Criminalising Hate Speech:

There is a bill going before South Africa’s parliament which criminalises “Hate Crimes” and “Hate Speech”.

The DDF’s opinion of the bill is that it is window dressing intended to promote the notion that the ANC government is doing something significant about hate crimes and hate speech when South Africa already has an abundance of laws which deal with crimes of assault with or without the intent to murder, which are simply not being adequately enforced.

If I were to batter a person of a particular race or gender to death because I hate members of that race or gender, the fact of my hatred does not make the crime any more heinous than if I did not harbour a hatred of the victim’s race or gender but assaulted the victim simply because I wanted the victim’s cellphone. Whatever the motive, the crime is murder and the punishment should be death. So a hate crime bill is simply superfluous and nonsensical and a waste of parliamentary and state resources.

Rather parliament should be forcing government to enforce the already perfectly adequate laws regarding crimes against the person, which, if they cannot currently enforce them, presumes an unwillingness or inability to uphold any law, whether new or old, necessary or unnecessary, good or bad. So what is the use of another piece of irrelevant legislation?

More serious is the tagging on of “Hate Speech” to the bill in order to criminalise the words you, I or anyone else wishes to, or, even unthinkingly, utters, to or about another person or group or indeed a community, which can, however nebulously or even blatantly, be construed to be “Hate Speech”.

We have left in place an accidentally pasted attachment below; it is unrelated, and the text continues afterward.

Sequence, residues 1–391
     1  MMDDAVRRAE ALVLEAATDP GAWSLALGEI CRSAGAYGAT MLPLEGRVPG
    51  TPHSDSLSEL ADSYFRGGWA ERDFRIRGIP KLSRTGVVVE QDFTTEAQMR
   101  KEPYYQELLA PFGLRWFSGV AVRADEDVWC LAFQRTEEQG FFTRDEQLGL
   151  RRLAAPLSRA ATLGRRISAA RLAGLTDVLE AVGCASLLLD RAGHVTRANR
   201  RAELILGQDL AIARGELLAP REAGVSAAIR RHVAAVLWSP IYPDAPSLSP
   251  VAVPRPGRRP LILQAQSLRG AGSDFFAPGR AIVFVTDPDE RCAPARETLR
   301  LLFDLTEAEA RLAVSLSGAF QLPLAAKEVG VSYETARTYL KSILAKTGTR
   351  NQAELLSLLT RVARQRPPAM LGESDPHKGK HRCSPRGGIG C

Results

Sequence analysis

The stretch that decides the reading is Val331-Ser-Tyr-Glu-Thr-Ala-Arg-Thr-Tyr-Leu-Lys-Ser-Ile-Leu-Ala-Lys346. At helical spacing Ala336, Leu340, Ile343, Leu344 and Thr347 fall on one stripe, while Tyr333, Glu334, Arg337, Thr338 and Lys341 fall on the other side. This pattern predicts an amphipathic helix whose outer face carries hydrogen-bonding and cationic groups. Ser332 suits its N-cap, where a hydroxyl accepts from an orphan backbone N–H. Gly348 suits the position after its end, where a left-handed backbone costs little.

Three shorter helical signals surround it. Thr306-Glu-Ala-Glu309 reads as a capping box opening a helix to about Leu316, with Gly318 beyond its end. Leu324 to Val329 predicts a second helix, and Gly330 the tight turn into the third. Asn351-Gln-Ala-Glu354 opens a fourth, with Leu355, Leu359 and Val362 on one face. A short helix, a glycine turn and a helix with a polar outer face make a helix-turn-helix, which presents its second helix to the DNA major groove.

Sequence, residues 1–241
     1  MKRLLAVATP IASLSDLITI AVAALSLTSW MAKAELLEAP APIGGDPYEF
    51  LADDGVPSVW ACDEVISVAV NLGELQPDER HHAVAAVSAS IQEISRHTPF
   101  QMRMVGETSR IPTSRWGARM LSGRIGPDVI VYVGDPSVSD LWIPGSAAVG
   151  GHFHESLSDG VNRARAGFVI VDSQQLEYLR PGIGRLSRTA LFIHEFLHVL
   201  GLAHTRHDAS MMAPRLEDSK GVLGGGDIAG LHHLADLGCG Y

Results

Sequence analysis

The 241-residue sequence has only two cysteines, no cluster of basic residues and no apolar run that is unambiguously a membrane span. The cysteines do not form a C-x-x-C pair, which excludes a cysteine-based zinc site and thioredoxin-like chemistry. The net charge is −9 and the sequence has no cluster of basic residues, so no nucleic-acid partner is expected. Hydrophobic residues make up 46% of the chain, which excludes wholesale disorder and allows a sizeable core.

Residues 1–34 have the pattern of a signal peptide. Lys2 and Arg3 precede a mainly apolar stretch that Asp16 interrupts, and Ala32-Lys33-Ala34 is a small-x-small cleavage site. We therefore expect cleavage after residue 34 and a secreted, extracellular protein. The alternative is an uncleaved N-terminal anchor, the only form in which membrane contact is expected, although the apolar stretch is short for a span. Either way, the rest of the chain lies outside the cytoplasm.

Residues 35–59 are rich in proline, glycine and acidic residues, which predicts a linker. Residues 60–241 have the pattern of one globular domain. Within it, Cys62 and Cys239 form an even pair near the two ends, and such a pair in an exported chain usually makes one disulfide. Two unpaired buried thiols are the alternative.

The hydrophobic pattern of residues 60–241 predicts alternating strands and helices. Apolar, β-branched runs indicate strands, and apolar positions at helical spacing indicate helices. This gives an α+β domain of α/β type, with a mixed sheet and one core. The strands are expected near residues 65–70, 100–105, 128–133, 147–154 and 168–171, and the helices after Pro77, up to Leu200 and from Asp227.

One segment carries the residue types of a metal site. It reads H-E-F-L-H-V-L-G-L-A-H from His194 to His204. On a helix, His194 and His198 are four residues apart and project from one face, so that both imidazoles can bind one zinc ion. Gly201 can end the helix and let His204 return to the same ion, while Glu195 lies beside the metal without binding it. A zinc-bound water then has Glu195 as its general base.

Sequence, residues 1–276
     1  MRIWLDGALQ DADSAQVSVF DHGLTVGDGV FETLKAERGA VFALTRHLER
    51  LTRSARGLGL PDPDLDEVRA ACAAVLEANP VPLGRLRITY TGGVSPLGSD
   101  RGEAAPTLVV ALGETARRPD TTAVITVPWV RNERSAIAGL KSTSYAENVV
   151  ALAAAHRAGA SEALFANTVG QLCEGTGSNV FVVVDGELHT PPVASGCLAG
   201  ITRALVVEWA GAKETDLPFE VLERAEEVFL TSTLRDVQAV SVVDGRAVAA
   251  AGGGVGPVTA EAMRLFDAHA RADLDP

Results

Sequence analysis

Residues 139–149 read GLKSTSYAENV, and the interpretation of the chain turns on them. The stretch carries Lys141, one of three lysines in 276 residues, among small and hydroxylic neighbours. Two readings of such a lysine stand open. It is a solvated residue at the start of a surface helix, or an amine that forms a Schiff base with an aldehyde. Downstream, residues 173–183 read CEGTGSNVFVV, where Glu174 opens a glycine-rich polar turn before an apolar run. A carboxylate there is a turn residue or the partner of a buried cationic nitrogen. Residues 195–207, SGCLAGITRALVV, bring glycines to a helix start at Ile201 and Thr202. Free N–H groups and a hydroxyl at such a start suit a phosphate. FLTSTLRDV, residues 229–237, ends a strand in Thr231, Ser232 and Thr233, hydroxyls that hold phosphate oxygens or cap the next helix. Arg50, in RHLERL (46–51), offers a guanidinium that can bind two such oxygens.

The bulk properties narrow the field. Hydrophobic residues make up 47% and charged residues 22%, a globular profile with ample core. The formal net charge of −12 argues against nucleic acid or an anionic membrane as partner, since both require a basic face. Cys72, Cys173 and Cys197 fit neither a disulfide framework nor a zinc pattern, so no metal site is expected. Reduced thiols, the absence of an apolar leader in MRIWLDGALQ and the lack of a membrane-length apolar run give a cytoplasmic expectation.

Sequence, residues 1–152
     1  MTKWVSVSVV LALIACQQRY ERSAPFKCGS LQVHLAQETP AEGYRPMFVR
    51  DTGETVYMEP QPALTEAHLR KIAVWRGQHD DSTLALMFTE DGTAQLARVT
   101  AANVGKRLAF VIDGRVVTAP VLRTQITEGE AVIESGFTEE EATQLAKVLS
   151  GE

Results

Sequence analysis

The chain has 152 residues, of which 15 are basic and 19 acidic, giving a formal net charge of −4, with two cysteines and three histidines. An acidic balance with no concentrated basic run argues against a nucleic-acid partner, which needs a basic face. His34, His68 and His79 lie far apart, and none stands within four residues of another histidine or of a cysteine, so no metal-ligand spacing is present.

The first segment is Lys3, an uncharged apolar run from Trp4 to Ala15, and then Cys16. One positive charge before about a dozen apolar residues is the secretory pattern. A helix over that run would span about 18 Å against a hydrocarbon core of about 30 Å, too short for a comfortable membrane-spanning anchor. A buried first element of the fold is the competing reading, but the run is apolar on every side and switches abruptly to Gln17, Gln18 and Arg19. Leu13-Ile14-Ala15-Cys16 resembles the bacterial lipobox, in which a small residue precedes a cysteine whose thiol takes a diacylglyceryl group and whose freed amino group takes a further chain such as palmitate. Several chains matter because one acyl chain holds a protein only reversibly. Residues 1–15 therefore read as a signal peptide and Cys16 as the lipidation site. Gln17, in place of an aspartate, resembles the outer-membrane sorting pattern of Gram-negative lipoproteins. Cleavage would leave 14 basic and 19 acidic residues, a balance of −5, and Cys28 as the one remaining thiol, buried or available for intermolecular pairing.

The next logical step will be a bill criminalising “Hate Thought” and the State will be able to charge people who have exhibited in the eyes of a plaintiff, evidence of thinking hatefully about blonds or brunets or even bald people. Collective narcissists will have a ball, hounding people out of their homes for making public comments about inconsiderate people who display their naked bald pates in public spaces, which comment irritates a plaintiff who is probably bald.

At which point it will become illegal to have a personal opinion, let alone express it, about anybody or anything.

And everyone should be concerned about this for everyone can be accused of hating someone, or something about some other, and whether you are Christian, Jewish, Muslim, Hindi or atheist, black, white, pink or cerise, you can be accused by someone full of hate, of being guilty of hateful thoughts or hateful speech.

Does any of this make a difference and am I being unreasonable? There are countries where there is so much government overreach that this sort of crime actually exists, and those convicted can be and are executed, judicially or extra-judicially, for their “crimes”, and this in the 21st century! Do we want to go there?

Instead, can’t Parliament find something useful to do, like helping to solve Cape Town’s water crises?